Jamestown, the first capital of the Virginia colony was established in 1607. It remained there until 1699 when the Virginia Assembly relocated the capital inland to Middle Plantation. The town was later named Williamsburg after England's King, William III.
The rationale was to get away from Jamestown’s swampy conditions which fostered contaminated water, disease, poor living conditions, and flooding. Williamsburg, a mere seven miles inland is located on a peninsula between the James River and the York River, was at a higher elevation than Jamestown.
Williamsburg quickly grew to be a center of economic, social, and political life in Virginia, the largest and most populated British colonies in America.
At one end of its main street, named after his Highness William Duke of Gloucester, was the Capital. At the other end of DOG Street was the
of William and Mary established in 1693.
|William & Mary|
The Royal Governor’s Palace was situated halfway between the two.
Businesses, churches, a courthouse, magazine, and homes were constructed within the approximate 300 acres. In 1773, the nation's first mental health facility opened in Williamsburg. Large estates or plantations as well as smallholdings developed throughout the area.
|The Royal Governor's Palace|
There were several reasons for Williamsburg’s decline in the latter part of the eighteenth century. In 1780, the capital of Virginia moved from Williamsburg to Richmond, a more central location in the Commonwealth. While some Tidewater residents were resistant to the move, Governor Thomas Jefferson was a strong advocate. The war with Britain was still underway and the enemy was shifting its focus to the southern colonies. Williamsburg’s proximity to the Chesapeake Bay placed it dangerously close were there to be a naval or military invasion. Another factor was navigable rivers were the primary means of transportation. The James River flows right through Richmond. The Virginia Gazette, a primary publication also moved to Richmond. Williamsburg returned to be a rural quiet college town.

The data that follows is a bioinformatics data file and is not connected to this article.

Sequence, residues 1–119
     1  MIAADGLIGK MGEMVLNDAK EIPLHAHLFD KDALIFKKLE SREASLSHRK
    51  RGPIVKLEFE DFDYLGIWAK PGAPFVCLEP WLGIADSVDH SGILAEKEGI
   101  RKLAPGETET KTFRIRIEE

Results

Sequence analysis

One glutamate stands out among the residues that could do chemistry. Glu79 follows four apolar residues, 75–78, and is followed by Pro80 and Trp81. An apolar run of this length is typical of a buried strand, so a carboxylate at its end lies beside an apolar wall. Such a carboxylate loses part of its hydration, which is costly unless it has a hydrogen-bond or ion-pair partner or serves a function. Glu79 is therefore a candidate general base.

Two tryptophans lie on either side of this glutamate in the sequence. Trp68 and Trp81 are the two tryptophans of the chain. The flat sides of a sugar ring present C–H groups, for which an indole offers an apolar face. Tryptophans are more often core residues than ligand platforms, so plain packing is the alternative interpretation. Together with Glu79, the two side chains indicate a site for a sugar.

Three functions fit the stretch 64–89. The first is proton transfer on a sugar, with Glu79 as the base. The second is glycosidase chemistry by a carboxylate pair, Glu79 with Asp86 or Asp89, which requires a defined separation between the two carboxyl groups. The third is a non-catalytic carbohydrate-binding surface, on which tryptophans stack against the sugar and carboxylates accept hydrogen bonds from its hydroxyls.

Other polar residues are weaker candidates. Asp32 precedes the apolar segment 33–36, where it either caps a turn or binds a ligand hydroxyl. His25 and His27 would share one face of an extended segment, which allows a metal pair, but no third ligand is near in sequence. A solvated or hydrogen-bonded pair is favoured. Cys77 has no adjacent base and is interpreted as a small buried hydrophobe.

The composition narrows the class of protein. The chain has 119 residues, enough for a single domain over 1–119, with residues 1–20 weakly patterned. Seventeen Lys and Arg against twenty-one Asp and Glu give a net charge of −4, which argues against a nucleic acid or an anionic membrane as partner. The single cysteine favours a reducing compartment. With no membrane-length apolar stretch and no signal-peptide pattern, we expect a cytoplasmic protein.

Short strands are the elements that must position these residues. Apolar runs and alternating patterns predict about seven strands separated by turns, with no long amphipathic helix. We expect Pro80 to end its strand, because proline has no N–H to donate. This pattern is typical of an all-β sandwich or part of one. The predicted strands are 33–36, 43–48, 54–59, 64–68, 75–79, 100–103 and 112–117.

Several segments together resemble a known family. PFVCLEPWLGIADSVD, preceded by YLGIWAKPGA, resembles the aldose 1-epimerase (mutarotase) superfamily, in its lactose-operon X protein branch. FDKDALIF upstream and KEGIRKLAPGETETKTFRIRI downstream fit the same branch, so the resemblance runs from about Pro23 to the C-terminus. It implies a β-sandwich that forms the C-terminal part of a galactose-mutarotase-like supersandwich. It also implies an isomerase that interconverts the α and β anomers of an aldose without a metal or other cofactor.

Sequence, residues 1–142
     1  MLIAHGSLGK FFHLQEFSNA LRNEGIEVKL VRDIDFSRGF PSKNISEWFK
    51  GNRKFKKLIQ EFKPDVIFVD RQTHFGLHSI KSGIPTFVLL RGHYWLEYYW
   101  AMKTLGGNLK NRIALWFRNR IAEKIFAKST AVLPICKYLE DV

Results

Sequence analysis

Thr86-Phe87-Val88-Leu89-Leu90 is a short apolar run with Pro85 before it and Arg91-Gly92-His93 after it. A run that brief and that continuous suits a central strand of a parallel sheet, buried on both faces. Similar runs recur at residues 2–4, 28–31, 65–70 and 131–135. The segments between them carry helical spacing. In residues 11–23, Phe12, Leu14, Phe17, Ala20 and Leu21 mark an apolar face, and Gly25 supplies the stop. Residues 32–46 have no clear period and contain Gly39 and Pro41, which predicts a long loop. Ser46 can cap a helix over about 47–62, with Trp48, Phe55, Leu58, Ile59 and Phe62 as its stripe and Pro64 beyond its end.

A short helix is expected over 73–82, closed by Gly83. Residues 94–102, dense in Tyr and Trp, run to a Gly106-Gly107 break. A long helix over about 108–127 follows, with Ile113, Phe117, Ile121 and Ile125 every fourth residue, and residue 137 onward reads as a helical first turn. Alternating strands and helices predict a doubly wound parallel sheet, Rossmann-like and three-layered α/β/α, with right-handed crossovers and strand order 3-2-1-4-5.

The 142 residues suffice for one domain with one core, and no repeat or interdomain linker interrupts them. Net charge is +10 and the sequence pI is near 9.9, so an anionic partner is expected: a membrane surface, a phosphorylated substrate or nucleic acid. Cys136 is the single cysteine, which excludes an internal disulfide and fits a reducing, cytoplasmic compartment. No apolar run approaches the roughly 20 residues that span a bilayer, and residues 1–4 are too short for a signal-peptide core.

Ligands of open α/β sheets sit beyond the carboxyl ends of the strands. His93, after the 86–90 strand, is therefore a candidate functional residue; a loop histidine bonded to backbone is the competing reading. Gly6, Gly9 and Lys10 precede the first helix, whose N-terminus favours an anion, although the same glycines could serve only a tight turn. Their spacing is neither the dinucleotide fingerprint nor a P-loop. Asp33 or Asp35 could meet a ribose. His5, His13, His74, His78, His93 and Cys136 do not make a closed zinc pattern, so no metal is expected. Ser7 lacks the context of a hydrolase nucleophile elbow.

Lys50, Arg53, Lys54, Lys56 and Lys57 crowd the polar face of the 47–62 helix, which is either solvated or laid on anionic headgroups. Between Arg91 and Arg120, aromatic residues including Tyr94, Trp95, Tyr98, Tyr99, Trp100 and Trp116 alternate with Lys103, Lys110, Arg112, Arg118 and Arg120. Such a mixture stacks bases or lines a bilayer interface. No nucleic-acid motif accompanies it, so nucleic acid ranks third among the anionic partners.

Dr. William A. R. Goodwin served as rector of Bruton Parish Church twice.
First in 1903 when he led a campaign on the restoration of the
church. After serving at a church in Ney York he returned to Williamsburg in 1923.
Fascinated by Williamsburg’s historic past, and concerned by its modernization,
he feared the town’s distinctive past and charm might be lost. Returning the
town to its former glory would require immense financial resources. He first
approached Henry Ford about the project to no avail. When he shared his vision
to John D. Rockefeller, Jr he got the promise of financing required. Rockefeller
authorized the hiring of an architect and the acquisition of key properties.
reconstructed in 1715 remains an active parish
Such a massive restoration was unprecedented. Records were searched to reproduce the former structures with accuracy. Thomas Jefferson’s architectural drawings for the Governor’s Palace aided in its rebuilding from 1930-1934. The town was being reconstructed and restored with the aid of historians, archeologists, and craftsmen of every sort.
The undertaking to develop the world’s largest living history museum that began in 1927 and continues to this day. Walking through the structures and streets of Colonial Williamsburg one can meet and chat with skilled artisans and interpreters all attired in eighteenth-century clothing.
Dining at one of the period eateries is a treat. Visitors see a variety of accurately depicted conveyances, as well as animals that would have been a part of the community.
Coming to Williamsburg is like returning to the eighteenth century, filled with many learning and fun experiences--no doubt why so many people return.
|Rush Hour in Colonial Williamsburg|